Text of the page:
But, I thought when Taylor faced adversity; she would ‘Shake It Off’? rather than hold ill, negative and unfriendly feelings towards another female artist.

The lyrical content of “Bad Blood” is not the only controversial aspect of the song. The music video which features several female “celebrity” (albeit D-list) special guests who all happen to be Swift’s friends. Taylor (as Catastrophe) and her friends are seen forming an all-female gang including the likes of Lena Dunham, Zendaya and Jessica Alba as they arm themselves for battle against Arsyn (Selena Gomez) who betrayed Swift. As the Swifty gang approach their nemesis, the video ends not with Arsysn and Catastrophe solving their problems with a friendly feminist fist bump, but slapping each other’s faces suggesting the continuation of “Bad Blood” between them.

“Bad Blood” is a faux feminist statement. Swift’s young female fans are sure to admire the strong and tough personas Taylor and her friends adopt to go to war with their nemesis. The array of weapons and violence can be seen as a ‘rejection of subjugated roles of women are portrayed in the media’ but a closer look reveals a more juvenile and threatening motif.

Bad Blood is a primary school playground anthem for petty fights after someone steals your favorite colored crayon and you want revenge. Thus, contradicting Swift’s previous ’Shake It Off’ message to her haters, instead, you use your friends as a weapon to scare your opponent. You form a gang to enforce your stance.  You manipulate your friends to also have “Bad Blood” with your ‘nemesis’ despite them not having a problem with that person themselves.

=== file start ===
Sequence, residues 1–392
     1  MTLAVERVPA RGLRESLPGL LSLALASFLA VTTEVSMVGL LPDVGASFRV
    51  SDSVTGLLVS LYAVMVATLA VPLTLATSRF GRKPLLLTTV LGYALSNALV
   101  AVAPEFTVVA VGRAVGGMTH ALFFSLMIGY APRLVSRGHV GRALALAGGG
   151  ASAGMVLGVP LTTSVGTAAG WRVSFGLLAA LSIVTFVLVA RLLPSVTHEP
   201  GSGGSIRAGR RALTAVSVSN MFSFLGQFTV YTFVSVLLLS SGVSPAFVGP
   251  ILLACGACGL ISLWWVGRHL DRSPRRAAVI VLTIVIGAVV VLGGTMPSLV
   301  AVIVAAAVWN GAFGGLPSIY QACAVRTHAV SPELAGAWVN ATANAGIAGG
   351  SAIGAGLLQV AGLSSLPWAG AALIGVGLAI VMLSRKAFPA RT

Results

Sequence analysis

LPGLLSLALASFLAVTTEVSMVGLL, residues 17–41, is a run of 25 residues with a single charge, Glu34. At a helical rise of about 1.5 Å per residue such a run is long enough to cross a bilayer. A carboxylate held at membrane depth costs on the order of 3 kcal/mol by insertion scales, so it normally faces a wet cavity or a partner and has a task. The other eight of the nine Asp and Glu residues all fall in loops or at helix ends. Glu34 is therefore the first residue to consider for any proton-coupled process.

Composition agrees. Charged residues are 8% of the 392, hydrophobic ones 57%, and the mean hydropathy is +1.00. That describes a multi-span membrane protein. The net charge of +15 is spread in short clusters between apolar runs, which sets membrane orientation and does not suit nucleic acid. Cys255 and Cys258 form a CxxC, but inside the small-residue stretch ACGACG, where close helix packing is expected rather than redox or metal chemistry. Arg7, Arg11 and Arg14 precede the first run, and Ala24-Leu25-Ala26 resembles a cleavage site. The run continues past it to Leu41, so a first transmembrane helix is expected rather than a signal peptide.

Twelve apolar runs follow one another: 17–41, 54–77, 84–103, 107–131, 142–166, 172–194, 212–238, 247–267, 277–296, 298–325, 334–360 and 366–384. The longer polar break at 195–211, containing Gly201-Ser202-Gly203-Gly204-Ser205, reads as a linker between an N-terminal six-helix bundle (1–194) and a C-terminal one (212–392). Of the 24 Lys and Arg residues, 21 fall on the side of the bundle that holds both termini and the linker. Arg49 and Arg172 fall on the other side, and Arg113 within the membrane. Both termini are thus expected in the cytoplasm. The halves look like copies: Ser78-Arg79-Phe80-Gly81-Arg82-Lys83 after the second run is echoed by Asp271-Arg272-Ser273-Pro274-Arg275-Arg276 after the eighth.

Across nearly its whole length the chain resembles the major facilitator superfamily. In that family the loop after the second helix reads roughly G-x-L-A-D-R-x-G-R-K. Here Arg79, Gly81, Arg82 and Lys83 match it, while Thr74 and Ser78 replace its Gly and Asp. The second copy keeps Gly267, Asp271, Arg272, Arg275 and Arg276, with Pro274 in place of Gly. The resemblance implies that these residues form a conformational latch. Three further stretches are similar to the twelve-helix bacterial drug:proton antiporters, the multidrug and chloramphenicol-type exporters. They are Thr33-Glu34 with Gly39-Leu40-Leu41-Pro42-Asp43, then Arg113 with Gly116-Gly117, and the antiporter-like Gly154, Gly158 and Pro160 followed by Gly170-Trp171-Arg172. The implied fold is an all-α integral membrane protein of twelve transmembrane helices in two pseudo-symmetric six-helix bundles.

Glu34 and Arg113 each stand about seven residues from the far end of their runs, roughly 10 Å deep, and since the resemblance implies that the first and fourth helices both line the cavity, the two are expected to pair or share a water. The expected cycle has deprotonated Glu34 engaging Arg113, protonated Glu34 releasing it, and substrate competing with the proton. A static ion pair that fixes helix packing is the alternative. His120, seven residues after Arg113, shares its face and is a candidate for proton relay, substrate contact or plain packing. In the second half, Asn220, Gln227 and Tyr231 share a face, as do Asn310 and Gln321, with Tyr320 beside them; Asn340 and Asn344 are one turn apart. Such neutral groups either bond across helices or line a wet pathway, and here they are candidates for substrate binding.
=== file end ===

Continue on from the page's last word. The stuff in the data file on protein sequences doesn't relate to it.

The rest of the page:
In what way is pitting yourself, your friends, your fans and the media against another female celebrity feminism? In response to Emma Watson’s feminist speech for the United Nations, Taylor was quizzed about her views on Emma’s during an appearance on French TV show Tout Le Monde En Parle

Swift stated:

"So many girls out there say, 'I'm not a feminist', because they think it means something angry, or disgruntled, or complaining, or they picture rioting and picketing. It is not that at all. It simply means you believe that women and men should have equal rights and opportunities."

Taylor also hit back at the way the media pits women against each other in comparison to men.

Swift said, “Females are kind of pinned up against each other. For example, you'll never see online 'Vote for who has the better butt: this actor or this actor'. It's always this female singer and this female singer.”

"One thing I do believe, as a feminist, is that in order for us to have gender equality, we have to stop making it a girl fight, and we have to stop being so interested in seeing girls try to tear each other down."

Now it seems Swift is contradicting herself. Not only do the media pit women against each other, especially female popstars, but females also pit themselves against each other. Swift has now assumed the role as a feminist as claims ‘girl fights’ and society’s interest in ‘seeing girls trying to tear each other down’ as one aspect preventing gender equality. On the other hand, “Bad Blood” is the epitome of pitting Swift’s female popstar nemesis against herself and causing a very public and unreserved ‘girl fight’ between Swift, Katy Perry heir female fans and the media.